Why change a winning formula? Alice Snedden was in this same bunker at the same time last year, with her debut, and sold it out. Halfway into this run she gently mixes things up, by trying out an exciting new way to bring herself on stage – but that’s about it, on a gimmick tip.
The following hour is just rip-roaring standup, from an act who seems almost too close to the finished article, already. They’ve definitely been operating some sort of leftfield-entertainer training school over in her native New Zealand, like those sinister old Soviet Olympic camps. Ever wondered what happened to the Lord of the Rings locations? There’s your answer.
Actually Snedden is a bit off-message in that respect as Harry Potter is more her steam, and umpteen references to that franchise hurtle past along the way – the old stuff plus the new play. She’s up to speed. Not that the wizardly-agnostic need worry, as she tackles a whole range of subjects that may not sound instantly relatable to everyone, from mooncups to her other life as a lawyer: the delivery is key.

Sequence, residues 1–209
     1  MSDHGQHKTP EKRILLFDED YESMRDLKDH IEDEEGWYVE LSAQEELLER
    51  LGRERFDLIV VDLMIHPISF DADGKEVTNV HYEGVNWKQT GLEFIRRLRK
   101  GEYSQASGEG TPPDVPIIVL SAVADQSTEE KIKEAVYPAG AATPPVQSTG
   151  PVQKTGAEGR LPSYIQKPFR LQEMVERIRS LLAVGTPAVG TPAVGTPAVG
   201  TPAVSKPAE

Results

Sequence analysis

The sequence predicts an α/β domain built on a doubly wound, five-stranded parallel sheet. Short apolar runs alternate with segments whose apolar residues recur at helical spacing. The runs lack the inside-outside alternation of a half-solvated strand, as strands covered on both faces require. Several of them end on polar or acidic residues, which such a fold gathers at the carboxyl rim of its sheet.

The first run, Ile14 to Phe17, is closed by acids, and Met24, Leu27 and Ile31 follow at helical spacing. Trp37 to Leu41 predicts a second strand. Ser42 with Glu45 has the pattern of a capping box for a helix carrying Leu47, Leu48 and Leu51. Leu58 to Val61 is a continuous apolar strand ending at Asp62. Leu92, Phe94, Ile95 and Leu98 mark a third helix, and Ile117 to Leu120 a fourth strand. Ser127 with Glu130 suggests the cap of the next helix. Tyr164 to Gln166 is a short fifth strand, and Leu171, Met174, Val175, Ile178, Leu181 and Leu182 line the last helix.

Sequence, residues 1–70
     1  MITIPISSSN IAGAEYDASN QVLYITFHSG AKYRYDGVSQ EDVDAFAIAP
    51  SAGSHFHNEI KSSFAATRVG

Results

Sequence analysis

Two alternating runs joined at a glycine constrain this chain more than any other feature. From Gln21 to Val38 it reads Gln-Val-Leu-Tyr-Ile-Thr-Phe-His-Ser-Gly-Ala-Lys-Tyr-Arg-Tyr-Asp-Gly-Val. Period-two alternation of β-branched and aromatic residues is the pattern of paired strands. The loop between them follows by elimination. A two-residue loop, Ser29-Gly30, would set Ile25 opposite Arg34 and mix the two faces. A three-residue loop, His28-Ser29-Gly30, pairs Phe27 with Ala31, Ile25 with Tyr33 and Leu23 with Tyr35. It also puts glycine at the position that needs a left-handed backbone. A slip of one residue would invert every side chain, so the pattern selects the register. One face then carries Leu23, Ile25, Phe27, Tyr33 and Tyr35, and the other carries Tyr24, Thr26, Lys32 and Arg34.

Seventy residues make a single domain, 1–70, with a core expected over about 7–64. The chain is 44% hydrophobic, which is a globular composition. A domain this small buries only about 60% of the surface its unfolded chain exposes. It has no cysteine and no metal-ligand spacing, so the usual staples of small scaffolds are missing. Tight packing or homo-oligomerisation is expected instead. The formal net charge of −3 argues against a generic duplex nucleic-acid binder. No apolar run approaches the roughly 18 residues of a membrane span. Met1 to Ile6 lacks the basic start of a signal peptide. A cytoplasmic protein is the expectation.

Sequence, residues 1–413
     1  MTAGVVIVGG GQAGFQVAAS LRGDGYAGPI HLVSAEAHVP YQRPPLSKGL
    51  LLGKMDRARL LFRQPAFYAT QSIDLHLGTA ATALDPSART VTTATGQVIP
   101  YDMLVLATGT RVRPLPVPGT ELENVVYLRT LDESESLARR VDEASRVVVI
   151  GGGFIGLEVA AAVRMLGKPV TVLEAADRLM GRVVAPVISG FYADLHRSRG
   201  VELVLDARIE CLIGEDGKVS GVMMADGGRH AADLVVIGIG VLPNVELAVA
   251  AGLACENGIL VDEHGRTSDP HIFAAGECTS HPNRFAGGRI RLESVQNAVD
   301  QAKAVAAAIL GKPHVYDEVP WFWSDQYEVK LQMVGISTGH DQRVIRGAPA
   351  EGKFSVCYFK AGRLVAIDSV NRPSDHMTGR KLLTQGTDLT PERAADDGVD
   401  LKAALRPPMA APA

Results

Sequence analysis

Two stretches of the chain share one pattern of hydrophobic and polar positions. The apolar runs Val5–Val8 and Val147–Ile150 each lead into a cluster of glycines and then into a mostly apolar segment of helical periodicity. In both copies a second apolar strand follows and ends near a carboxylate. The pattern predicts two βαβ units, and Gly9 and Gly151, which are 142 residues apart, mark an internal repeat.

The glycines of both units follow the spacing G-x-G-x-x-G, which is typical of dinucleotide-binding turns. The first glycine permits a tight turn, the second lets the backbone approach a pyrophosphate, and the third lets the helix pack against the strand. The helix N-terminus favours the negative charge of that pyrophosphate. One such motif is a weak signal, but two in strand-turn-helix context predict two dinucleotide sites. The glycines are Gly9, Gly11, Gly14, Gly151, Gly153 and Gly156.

Those lawyer brags are part of Absolute Monster’s major theme—that Snedden’s life is probably better than ours—but she’s actively pushing our buttons here, skilfully sewing that awesome-Alice seed before it takes a sizeable twist later. In truth the big comedown isn’t quite as well-crafted as the build-up, so the show fizzles slightly towards the end. Perhaps that’s intentional, though: always leave them wanting more. Same time next year?